However there is a sense of urgency when your parents are immigrants.
My mom was never ashamed of me. All around us, her friends kids were in med school and becoming engineers, but she always encouraged me to follow my dreams.
And she was proud of me for doing so.
Pretty sure if I was forced into being a the stereotypical doctor or nurse, I would have accidentally hooked someone’s IV to their bedpan. #yeahisaidit

photo was reblogged from xtinetee

xtinetee:

😂😂😂 my mom isn’t like this, but its still #hilarious. #filipinoproblems hahah

All insanity and craziness aside, I lucked out because my mom allowed me to follow my dreams of being a *gasp* artist and writer.

She also didn’t flip out too much when it took me ten years to finish my degree.

I witnessed my best friend in college suffering from severe depression because of the pressure she received from her parents to become a doctor. On several occasions she would tell me she hated it, and she dreamed of opening her own bar and dance club. I remember vividly one evening, she said, “Fuck it. I’m going to do it!” And she never did.

Of course, this isn’t an experience specific to Asian Americans. In the movie Gross Anatomy a guy commits suicide over test scores. Parental pressures is something universal.

However there is a sense of urgency when your parents are immigrants.

My mom was never ashamed of me. All around us, her friends kids were in med school and becoming engineers, but she always encouraged me to follow my dreams.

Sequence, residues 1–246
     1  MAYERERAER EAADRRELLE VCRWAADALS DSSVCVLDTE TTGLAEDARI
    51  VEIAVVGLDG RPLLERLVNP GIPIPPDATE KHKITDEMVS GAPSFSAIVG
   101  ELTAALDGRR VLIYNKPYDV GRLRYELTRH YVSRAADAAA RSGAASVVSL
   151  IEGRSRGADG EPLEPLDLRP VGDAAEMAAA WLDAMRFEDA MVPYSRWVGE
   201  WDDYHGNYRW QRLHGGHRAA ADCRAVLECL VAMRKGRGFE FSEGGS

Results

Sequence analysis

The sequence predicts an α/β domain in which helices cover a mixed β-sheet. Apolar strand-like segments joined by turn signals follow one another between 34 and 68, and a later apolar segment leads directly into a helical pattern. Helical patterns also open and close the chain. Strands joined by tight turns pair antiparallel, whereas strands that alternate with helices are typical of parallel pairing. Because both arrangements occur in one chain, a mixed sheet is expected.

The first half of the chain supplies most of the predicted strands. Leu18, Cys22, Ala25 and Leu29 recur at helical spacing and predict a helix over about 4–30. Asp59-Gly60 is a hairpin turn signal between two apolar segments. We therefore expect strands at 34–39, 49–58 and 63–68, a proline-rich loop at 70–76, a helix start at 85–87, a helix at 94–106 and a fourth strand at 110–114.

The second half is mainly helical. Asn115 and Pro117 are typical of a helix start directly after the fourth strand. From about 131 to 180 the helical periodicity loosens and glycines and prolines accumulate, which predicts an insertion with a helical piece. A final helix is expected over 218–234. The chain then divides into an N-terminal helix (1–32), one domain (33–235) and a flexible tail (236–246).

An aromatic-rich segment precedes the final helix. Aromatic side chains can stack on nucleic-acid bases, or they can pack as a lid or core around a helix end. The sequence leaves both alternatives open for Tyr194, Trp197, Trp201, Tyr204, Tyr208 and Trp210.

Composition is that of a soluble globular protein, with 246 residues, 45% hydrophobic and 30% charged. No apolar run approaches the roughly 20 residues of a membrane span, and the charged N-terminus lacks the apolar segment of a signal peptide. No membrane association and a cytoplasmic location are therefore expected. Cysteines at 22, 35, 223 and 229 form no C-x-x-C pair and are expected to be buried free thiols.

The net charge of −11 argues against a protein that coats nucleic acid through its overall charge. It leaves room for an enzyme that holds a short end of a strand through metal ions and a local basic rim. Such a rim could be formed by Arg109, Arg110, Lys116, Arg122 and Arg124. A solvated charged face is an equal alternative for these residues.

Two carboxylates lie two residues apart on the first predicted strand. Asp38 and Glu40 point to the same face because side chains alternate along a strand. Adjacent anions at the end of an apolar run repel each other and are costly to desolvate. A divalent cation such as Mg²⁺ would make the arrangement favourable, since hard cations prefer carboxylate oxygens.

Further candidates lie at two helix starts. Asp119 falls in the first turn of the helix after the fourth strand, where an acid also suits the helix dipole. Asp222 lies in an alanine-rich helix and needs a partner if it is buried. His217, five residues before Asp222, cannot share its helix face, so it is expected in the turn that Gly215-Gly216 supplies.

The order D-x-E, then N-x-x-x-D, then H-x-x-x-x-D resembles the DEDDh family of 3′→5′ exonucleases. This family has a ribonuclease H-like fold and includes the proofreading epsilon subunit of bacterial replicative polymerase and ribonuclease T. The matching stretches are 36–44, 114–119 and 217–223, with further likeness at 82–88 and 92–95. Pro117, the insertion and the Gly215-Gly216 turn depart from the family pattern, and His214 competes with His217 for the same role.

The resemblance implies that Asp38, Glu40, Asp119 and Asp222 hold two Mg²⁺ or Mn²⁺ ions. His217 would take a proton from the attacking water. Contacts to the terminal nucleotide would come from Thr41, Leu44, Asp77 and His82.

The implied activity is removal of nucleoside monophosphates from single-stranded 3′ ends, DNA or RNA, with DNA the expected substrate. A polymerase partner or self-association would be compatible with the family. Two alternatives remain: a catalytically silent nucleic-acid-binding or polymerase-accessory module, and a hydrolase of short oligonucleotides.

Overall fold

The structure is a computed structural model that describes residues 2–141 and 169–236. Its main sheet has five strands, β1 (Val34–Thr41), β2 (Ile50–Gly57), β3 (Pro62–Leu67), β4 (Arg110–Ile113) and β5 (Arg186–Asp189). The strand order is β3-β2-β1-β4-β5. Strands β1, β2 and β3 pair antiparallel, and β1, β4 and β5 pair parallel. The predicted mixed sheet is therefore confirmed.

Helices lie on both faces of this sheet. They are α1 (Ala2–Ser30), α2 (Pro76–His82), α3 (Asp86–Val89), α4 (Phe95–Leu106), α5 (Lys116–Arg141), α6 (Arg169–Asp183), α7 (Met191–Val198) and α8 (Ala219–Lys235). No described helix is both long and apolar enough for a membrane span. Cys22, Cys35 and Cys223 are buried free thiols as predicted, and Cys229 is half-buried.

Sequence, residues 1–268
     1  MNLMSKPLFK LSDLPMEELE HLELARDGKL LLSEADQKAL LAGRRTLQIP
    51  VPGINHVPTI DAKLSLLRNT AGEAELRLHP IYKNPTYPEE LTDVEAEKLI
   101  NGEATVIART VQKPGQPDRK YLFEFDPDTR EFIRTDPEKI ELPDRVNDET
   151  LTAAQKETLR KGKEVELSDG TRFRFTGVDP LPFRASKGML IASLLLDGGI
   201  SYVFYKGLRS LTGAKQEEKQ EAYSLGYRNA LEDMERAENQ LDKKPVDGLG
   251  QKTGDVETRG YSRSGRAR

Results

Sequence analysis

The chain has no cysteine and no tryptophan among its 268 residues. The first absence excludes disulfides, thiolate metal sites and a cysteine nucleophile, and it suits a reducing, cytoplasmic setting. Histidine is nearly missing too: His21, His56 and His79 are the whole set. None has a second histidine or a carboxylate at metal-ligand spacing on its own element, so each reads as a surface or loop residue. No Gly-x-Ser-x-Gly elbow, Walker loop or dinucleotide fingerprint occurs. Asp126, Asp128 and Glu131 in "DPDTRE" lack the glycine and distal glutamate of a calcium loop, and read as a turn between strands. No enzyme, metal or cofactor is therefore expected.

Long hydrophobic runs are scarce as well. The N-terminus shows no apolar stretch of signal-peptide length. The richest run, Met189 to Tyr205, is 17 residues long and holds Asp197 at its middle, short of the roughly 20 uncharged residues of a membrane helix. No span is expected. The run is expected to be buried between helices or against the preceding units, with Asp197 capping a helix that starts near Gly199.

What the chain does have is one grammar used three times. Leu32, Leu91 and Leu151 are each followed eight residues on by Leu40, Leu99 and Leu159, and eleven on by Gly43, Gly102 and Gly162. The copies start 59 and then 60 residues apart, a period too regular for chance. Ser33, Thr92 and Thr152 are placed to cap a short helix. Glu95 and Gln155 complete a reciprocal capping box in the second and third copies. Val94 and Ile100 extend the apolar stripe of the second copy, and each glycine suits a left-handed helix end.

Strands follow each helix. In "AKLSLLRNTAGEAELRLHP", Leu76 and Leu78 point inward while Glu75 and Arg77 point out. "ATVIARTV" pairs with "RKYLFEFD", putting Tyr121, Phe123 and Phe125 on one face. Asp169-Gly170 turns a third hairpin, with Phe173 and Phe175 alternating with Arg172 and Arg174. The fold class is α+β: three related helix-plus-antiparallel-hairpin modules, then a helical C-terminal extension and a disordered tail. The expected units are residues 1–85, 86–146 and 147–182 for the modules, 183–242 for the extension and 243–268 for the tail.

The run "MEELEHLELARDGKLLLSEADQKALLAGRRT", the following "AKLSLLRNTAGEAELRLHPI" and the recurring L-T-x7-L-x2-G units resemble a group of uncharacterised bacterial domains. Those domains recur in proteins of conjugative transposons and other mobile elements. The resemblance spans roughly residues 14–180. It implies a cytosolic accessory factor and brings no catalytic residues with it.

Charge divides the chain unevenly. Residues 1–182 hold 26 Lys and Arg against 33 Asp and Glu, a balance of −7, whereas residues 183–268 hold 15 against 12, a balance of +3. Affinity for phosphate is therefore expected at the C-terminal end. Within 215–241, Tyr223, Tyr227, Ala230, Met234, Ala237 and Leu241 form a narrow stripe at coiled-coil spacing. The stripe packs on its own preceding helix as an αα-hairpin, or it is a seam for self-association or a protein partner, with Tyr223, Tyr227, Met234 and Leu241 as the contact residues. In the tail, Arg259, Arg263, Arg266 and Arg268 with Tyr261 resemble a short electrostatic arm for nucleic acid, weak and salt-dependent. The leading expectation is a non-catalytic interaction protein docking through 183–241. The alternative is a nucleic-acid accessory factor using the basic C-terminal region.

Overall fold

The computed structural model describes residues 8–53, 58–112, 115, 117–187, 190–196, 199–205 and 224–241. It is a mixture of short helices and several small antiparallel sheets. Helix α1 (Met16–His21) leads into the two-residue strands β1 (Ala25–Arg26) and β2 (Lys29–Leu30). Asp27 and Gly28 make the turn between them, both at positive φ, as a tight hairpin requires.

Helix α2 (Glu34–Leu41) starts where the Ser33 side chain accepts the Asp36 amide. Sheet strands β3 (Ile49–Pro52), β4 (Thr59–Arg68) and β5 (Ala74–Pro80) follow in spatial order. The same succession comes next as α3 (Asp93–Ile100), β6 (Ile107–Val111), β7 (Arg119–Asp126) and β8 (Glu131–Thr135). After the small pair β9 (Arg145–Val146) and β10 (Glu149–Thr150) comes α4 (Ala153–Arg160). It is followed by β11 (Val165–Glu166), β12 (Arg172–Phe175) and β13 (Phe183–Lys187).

And she was proud of me for doing so.

Pretty sure if I was forced into being a the stereotypical doctor or nurse, I would have accidentally hooked someone’s IV to their bedpan. #yeahisaidit

The Filipino Accent

When I was in kindergarten, my teacher told my mother that I should see a speech therapist because I wasn’t enunciating properly.

That pissed my mother off to no end so she pulled me out of that school and put me in a different one.

Apparently, not only was I enunciating “properly”, I was also way ahead of the books in terms of speech, vocabulary, and writing.

Here are some other comments I have gotten throughout the years in regards to how people think I should speak:

1.) You talk like a black person.

2.) Wow, you speak English really GOOD.

3.) I like your accent.

The comment on my accent is interesting because I’m not sure what kind of accent they think I have. Unless they maybe thing my thick, nasally midwest accent is particularly sexy?

Alpha Kenny Body

There are first generation Filipino Americans who like to make fun of their parents accents. Sometimes they do it out of endearment, sometimes it’s harsh and cruel like bullying, sometimes it’s all of the above.